DA3 is a load and material factoring approach and is the same as DA1/2 (except that factors are applied essentially to all structural actions), so the staged factoring method is also favoured here and the design values of structural forces will be the greater of those obtained using characteristic values or during each ULS check. Note, however, that a stiff soil without yield, such as around a multi-propped retaining wall, is likely to give design values of structural forces similar to characteristic values. An advantage of DA1 for NM is that the DA1/1 partial factors ensure appropriate design values of structural forces are obtained even when the soil is not yielding. In some cases while using NM, when DA3 is a requirement, engineers might also perform a DA1/1 check for the structural forces.

Resistance factoring

DA2 introduces resistance factoring which requires that adequate safety against specific failure forms, such as bearing, sliding or passive, is checked. This is relatively straightforward in NM for externally-loaded structures, such as spread foundations, where, following load factoring, applied loads can be further increased stepwise until particular failure forms are reproduced and the margin between load at failure and design applied load checked against the resistance partial factor for that failure form.

However, for structures loaded by geotechnical actions, retaining walls for example, this is less straightforward. Typically, a check on geotechnical failure for an embedment depth of a retaining wall is performed using traditional methods, such as limit equilibrium analysis and the required embedment depth is then adopted in the numerical analysis to determine structural forces. Alternatively, artificial “perturbing” forces can be applied in an analysis to cause particular failure forms, as reported in the technical papers in the October and November 2011 issues of GE, but this has yet to be applied in practice.


Applying partial factors with numerical methods

Overall, the requirement to check adequate safety against particular failure forms is not well suited to NM where analyses are free to calculate a single critical case from all failure forms, hence why some countries adopting DA2 have allowed the use of DA3 with NM in their national annexes.

To overcome the difficulty of factoring geotechnical actions in the determination of design values of structural forces, for example retaining wall bending moment, a modified DA2 (called DA2*) is often used which involves factoring the “effects” of actions, ie outputs of structural forces obtained using characteristic values are multiplied by the load factors to obtain the design values of structural forces, which is the same method used for DA1/1 with NM. Where national annexes allow, and in some other cases for peace of mind, engineers may choose to combine DA2* and DA3 checks when using NM, which is more or less the same as DA1, to benefit from the advantages of each approach.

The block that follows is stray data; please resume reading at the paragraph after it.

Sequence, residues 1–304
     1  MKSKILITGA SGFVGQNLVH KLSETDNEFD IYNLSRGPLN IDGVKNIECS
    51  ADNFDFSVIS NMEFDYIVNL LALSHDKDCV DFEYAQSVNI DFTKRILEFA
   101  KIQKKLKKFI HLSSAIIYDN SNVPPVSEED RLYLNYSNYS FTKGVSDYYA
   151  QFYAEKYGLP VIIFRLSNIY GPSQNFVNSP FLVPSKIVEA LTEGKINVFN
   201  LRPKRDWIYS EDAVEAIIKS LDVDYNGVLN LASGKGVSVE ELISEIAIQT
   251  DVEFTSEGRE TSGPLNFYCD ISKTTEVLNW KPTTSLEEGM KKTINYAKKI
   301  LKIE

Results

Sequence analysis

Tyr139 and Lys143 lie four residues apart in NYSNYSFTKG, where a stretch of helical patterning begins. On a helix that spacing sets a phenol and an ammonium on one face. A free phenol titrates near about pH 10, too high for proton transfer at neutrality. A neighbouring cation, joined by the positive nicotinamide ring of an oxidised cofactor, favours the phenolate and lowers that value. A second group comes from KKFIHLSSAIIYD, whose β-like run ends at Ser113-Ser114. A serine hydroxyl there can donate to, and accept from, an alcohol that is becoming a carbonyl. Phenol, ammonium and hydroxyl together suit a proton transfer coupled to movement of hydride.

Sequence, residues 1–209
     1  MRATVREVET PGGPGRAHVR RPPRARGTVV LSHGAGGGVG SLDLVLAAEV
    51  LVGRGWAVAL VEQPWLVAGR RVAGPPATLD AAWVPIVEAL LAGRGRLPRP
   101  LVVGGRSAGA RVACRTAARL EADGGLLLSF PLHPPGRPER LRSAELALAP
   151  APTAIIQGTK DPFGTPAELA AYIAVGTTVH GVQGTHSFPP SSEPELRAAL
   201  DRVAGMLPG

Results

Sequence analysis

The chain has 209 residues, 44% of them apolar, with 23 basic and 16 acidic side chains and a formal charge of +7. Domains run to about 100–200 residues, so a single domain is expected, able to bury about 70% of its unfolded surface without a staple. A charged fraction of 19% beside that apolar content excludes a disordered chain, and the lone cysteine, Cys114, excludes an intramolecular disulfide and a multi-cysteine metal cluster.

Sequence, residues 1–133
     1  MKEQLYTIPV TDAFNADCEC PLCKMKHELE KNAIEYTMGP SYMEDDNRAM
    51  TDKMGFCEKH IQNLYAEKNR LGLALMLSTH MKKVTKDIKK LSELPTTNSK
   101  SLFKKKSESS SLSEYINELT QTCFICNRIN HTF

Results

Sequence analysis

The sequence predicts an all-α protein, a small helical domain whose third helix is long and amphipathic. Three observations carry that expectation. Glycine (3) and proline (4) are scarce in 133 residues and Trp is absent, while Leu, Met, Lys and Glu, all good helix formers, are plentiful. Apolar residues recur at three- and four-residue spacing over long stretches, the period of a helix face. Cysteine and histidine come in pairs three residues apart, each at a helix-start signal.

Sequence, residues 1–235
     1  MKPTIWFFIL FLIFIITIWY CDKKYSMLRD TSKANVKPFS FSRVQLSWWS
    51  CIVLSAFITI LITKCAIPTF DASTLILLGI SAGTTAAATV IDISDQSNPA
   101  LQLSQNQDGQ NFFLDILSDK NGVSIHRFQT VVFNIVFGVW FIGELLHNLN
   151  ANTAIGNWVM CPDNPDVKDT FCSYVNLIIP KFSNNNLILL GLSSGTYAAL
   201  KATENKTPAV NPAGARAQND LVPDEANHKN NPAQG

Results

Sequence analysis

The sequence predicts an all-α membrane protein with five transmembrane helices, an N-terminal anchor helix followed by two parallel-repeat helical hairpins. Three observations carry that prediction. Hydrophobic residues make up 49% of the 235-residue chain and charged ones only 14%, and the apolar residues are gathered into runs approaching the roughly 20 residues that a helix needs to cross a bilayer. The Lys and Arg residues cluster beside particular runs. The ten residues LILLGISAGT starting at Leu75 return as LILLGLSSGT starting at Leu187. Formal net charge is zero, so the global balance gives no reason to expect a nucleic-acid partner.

Among the other issues being considered by EG4 is the factoring of soil stiffness. CIRIA Report C580 recommends reducing ground stiffness by a factor of two in ULS analyses to take account of the lower soil stiffness at high strains and this can have an effect on outputs of structural forces. However, throughout the Eurocodes, mean values of stiffness are used and this is likely to remain the same in EC7. The best current advice is to investigate the sensitivity of ULS to variation of soil stiffness.

Stress parameters

It is also unclear what value of partial factor to apply to soil strength in undrained and consolidation analyses when effective stress parameters are used. Even with advanced models, undrained strength prediction can be uncertain and using a low material factor (eg 1.25) may be inadequately conservative. Check outputs carefully and ensure that shear stress does not substantially exceed the design value of undrained shear strength. Model factors can be used to increase factoring where necessary. Another issue is that some models may fail with factored undrained strength just from overburden stress.

“Overall, the requirement to check adequate safety against particular failure forms is not well suited to NM where analyses are free to calculate a single critical case from all failure forms.”

The current partial factors given in EC7 and its national annexes are calibrated generally against traditional design methods, but are they appropriate for NM? A well executed analysis should have less uncertainty and therefore lower partial factors, but on the other hand NM are normally less conservative than traditional methods and perhaps need higher partial factors to obtain the same well-established degrees of conservatism. For the time being, analysis results should be compared with more traditional design methods where possible and model factors applied to manage the degree of conservatism if necessary.

These and several other issues are subjects of ongoing study by EG4. More comprehensive advice should be available once the work is completed. A central aim of EC7 evolution is to engage users of the code in this process. Therefore, any views expressed by stakeholders in EC7 on these or any other issues concerning the code would be very welcome.

Have your say

You must sign in to make a comment

Please remember that the submission of any material is governed by our Terms and Conditions and by submitting material you confirm your agreement to these Terms and Conditions. Please note comments made online may also be published in the print edition of New Civil Engineer. Links may be included in your comments but HTML is not permitted.